It’s also more profitable. For example, think about this. You have an existing customer that you are familiar with. You understand how they do business; they understand how you do business. You know the cost to serve that customer goes down over time. However, margin tends to increase as well, so you get a bigger spread. It’s actually more profitable.
The other thing, and this one shocks me, but I hear it quite a bit. Salespeople tell me, One of the things that gets in the way… I don’t want to appear to be too greedy. I feel like I’m asking for too much when I’m trying to grow with my existing customers. That’s just a negative attitude. You’re not being greedy. You’re out there to help your customers to solve their problems, to create value for them. That’s the mindset we need to have going in.
With that being said, let’s talk about how we can go out there and sell either new products or additional products and services to our existing customers.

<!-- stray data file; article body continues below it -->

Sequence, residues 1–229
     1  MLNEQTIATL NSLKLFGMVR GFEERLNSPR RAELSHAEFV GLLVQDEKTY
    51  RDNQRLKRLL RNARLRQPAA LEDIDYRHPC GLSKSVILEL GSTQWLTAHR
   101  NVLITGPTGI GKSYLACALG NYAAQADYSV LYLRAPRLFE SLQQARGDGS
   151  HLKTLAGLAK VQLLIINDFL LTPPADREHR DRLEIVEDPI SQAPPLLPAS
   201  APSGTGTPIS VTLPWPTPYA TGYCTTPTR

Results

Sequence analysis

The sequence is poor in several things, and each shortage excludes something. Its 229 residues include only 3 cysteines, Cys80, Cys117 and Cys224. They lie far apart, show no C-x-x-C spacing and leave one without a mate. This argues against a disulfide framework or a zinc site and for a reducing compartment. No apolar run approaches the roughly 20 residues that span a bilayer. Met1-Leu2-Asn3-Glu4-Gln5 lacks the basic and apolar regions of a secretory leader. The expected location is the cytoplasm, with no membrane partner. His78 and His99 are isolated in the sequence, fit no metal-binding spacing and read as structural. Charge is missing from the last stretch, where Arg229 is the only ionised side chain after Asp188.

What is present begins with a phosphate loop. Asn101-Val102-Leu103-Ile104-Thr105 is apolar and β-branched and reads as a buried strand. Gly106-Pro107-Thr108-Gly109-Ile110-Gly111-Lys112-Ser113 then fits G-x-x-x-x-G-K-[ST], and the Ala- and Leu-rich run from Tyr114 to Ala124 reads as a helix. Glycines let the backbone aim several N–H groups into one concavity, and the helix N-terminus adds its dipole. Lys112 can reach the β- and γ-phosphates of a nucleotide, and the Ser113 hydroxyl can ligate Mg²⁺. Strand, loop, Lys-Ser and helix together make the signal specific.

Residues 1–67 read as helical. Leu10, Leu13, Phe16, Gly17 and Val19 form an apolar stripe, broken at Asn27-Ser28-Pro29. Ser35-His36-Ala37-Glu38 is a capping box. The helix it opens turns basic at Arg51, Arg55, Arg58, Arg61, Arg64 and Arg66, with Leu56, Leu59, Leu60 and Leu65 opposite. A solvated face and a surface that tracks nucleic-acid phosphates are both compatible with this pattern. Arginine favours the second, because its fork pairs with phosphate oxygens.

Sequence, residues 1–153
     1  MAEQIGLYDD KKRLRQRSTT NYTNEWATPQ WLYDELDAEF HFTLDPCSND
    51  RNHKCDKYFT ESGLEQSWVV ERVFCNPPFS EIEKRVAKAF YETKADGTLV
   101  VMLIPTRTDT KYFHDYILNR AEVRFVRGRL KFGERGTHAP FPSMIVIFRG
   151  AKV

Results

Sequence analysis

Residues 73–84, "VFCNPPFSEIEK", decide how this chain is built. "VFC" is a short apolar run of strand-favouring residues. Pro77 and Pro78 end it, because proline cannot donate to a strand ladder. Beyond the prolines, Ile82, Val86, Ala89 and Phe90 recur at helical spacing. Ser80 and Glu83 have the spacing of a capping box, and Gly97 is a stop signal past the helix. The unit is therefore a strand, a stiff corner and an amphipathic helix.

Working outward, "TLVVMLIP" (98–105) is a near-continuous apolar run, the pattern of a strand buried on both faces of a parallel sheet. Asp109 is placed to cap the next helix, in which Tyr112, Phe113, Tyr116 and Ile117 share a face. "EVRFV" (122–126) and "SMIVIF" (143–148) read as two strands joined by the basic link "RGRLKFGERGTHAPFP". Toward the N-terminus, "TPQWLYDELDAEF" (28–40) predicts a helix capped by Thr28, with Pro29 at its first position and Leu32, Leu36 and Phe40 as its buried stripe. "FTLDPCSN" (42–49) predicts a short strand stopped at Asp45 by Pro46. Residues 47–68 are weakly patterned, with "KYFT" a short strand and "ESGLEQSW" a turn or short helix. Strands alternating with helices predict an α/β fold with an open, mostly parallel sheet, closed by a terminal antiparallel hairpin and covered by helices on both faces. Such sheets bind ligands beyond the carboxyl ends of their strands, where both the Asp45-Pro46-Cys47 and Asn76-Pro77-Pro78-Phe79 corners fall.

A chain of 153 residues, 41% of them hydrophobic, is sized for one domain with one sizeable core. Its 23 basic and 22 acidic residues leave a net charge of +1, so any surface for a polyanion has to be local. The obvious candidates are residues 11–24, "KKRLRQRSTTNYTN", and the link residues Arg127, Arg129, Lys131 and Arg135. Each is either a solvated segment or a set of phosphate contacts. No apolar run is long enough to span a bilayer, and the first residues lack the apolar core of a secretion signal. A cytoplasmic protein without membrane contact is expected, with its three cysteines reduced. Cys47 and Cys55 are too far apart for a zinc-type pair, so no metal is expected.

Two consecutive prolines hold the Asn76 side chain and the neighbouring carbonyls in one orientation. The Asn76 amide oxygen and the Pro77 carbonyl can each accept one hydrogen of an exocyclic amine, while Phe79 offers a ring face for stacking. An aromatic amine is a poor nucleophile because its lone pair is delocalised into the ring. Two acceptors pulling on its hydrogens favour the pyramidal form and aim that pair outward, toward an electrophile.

We’ve got to adjust our attitude before we go in. We can’t go in with the mindset that says, I am going to sell more to this customer. How can I sell more stuff to this customer? That’s the wrong mindset. In fact, that’s a seller focused way of thinking. Our mindset going in has to be, How can we create more value for this customer?
I remember several years ago when I was in sales, I was making a call with my sales manager. Before the call, we were talking about the objective, and I said, “We’re, pretty much getting all the business we can get from this customer. There’s one product I’m going to go in there with today.” I had my focus completely on that one product. When I walked in there and I started showing that product—I had my blinders on and that’s what I was focused on selling—I ended up missing out on some other opportunities that existed all around me.
When we got back in the car, we’re debriefing the sales call and my sales manager said, “You know, Paul, you brought in that one tool, and that’s what you were focused on selling. That was your goal. But you missed out on two or three other opportunities that I observed just as we were walking around.”
The mindset cannot be, how can I sell this product, or, how can I sell more stuff to the customer? It has to be about creating more value for the customer.